Aggreko: How can Manufacturing Embrace Sustainability & ESG?

With many manufacturers lacking resources to achieve ESG targets, Aggreko highlights how third-party support can help manufacturers overcome challenges

Environmental, social and governance — the three pillars that make up the sustainability buzzword ESG —  guide areas that companies are expected to report in. Consultancy Deloitte's definition states that the goal of ESG is to capture all the non-financial risks and opportunities inherent to a company's day to day activities.

ESG is embodied in any and all industries, but there are certain specific challenges that arise when it comes to applying it in manufacturing. In this sector, it is increasingly apparent that producing products sustainably is no longer an option or benefit but essential, both when it comes to maintaining competitiveness in respective markets and to ensure any future risk is lowered to a minimum.

Benefits of third parties ensuring manufacturing hits ESG targets

Ruth Martin, Manufacturing Sector Manager for Aggreko — a global leader in temporary power, temperature control and energy solutions — in the UK and Ireland, is calling attention to how leveraging third-party expertise can help businesses realise these aspirations.

This comes following the release of a recent report from Make UK and Lloyds Bank, which indicates that 77% of firms are now receiving ESG requests from their customers. The number of firms setting ESG targets has increased by almost half, with two-thirds of manufacturers doing so since 2021.

However, with the report also indicating that less than half of manufacturers have the resources required to meet ESG requirements, Martin is calling attention to how leveraging third-party expertise can help businesses realise these aspirations.

“It’s fantastic to see that so many manufacturers are beginning to take a serious stance on sustainability, with firm ESG targets now in place,” she said. “That said, achieving these will be another challenge unto itself, not least with the ongoing challenges that are plaguing the sector at present.

“Supply chain delays, skill shortages, and production difficulties are all ongoing challenges that are at loggerheads with business’ ESG aspirations, and are preventing them from realising these goals. However, there are viable routes forward if manufacturers look to alternative procurement strategies.”

With many manufacturers continuing to use ageing, inefficient equipment — having a negative impact on carbon footprint, third parties can help bring manufacturers up to speed, or, better still, ahead of the curve to mitigate any challenges that can and will arise.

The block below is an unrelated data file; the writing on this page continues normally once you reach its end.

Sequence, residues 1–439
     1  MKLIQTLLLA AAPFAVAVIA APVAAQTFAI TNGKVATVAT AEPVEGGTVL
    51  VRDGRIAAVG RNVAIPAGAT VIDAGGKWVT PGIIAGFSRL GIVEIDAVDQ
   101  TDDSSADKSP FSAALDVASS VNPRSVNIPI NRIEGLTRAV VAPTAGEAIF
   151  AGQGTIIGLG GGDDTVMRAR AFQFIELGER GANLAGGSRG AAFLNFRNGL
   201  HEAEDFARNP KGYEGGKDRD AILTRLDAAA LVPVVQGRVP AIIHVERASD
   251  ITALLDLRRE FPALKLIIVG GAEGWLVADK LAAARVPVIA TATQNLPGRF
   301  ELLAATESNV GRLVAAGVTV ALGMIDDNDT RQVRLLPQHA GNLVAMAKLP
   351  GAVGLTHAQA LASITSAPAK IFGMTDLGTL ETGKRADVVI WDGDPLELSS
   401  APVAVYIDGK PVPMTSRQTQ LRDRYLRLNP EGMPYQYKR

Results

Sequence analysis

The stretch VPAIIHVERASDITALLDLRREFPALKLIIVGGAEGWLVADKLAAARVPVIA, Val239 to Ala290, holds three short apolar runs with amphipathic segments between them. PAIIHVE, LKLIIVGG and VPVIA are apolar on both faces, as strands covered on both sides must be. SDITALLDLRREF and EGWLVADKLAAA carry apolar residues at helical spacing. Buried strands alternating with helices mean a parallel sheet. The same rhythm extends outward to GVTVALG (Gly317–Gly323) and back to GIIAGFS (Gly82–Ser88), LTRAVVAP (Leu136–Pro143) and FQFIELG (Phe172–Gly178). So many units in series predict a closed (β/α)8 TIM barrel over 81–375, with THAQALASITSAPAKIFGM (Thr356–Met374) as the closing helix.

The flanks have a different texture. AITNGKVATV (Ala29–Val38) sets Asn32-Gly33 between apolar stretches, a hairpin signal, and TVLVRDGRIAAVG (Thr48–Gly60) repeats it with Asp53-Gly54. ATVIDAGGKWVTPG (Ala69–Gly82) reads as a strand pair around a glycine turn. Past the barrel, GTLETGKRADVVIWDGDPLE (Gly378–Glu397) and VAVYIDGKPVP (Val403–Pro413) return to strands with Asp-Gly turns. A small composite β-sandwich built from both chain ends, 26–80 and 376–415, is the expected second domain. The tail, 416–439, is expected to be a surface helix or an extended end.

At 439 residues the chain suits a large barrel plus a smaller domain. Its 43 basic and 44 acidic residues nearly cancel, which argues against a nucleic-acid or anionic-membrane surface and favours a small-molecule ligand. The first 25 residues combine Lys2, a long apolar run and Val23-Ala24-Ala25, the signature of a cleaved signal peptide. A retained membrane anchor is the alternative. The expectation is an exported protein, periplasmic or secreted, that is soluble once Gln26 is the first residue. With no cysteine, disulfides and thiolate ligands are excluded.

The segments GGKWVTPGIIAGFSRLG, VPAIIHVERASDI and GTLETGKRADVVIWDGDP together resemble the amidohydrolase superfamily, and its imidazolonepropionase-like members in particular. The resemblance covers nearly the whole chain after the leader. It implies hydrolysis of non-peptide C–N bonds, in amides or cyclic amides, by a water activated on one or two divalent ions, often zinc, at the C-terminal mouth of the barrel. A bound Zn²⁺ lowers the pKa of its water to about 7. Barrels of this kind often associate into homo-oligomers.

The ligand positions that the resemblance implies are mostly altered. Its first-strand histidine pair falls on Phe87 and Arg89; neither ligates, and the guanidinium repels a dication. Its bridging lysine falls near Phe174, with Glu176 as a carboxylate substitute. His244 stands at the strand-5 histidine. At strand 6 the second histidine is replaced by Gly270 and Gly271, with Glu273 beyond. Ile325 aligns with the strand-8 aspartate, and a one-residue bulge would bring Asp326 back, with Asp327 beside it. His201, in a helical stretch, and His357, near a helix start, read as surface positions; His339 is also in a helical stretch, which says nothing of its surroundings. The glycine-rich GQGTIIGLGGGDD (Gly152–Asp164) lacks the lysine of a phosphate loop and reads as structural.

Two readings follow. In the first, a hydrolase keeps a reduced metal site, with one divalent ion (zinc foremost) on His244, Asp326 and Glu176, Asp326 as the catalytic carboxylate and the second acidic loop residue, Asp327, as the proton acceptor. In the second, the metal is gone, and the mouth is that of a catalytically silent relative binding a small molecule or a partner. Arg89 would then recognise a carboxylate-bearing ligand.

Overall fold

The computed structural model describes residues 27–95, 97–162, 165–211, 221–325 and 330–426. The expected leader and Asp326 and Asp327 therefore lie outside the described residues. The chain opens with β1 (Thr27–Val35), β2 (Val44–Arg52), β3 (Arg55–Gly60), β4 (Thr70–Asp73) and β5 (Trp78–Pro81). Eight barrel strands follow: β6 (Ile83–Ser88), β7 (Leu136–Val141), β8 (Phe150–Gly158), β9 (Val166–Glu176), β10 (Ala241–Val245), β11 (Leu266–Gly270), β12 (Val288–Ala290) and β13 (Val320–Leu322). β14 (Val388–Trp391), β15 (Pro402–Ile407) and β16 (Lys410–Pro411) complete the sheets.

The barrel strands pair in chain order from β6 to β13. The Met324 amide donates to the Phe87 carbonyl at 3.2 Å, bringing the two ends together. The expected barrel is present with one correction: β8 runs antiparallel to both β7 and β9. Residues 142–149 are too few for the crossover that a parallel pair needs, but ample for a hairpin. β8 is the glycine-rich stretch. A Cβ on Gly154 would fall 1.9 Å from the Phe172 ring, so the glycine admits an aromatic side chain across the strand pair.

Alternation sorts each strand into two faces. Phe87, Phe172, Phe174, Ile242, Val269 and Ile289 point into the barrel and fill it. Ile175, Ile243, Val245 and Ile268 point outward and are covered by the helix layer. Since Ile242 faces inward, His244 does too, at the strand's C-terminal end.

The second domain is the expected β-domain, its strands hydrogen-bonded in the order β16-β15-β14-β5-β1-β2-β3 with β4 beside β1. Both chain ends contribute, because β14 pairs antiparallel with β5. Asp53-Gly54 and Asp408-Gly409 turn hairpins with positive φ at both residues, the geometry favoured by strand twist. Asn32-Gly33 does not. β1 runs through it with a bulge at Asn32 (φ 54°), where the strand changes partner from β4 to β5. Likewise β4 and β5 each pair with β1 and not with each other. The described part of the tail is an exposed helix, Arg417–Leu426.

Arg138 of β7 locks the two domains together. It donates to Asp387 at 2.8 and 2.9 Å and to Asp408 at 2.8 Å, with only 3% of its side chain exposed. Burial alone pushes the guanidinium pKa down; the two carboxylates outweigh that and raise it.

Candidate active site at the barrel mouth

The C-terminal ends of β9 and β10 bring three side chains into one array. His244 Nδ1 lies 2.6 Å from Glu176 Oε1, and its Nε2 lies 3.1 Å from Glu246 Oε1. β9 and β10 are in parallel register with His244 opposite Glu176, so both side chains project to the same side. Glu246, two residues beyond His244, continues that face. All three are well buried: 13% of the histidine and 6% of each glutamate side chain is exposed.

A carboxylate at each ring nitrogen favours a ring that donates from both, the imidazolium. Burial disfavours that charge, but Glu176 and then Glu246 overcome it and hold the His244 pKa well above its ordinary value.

Manufacturing’s ESG challenges

According to Martin and Aggreko, capex limitations, supply chain delays and a lack of in-house skills are all commonly cited as barriers to investment in newer technology.

Martin herself is a firm believer that outsourcing equipment from a specialist has a significant role to play in helping businesses realise their ESG goals. This, she says, allows manufacturers to access the latest, high-efficiency equipment despite these challenges.

Shining a light on this, Martin adds that this is the best time to consider alternative technologies to help cut on-site emissions. Walking the walk as well as talking the talk, as part of Aggreko’s recently launched sustainability framework Energising Change, the company is making a series of major investments in greener solutions such as battery energy storage systems (BESS), in order to ensure that the breadth of the industry has access to cleaner energy.

“There is often a misconception that sustainability and profitability are mutually exclusive, but the reality couldn’t be further from the truth,” she said. “For example, a battery hybrid system with a Stage-V generator running on hydrotreated vegetable oil (HVO) can offer huge reductions in NOx, CO2, particulate matter and fuel consumption, which will not only help the business work towards its ESG targets, but also offer tangible cost savings.

“For any business keen to put their ESG targets into practice, but not sure where to start, I’d strongly encourage engaging with a specialist – you might just be surprised at what you can achieve.”

Is ESG in Manufacturing here to stay?

With a plethora of global challenges facing our world today — including climate change, transitioning to a more circular economy, inequality and balancing the needs of the economy with that of society — the growing demand for industry actions to make meaningful and impactful change is driven by the pillars that make ESG.

Deloitte has noted how an increasing number of investors are incorporating ESG elements into their investment decision making process, making ESG increasingly important from the perspective of securing capital, both debt and equity.

According to Menzies, there are four main benefits to manufacturing businesses embedding ESG practices into its operations. They are:

  • Savings: Energy efficiencies can improve ESG performance and create savings that can be reinvested
  • Innovation: Strong ESG strategies have been identified as enablers of emerging business opportunities
  • Improved cash flow and competitiveness: Investment in R&D, for example, can boast financial rewards including the above 
  • Future-proofing an organisation: Embedding an ESG strategy gives organisations the best opportunity to capitalise on competitive advantages while creating efficiencies that deliver long-term savings that can be reinvested

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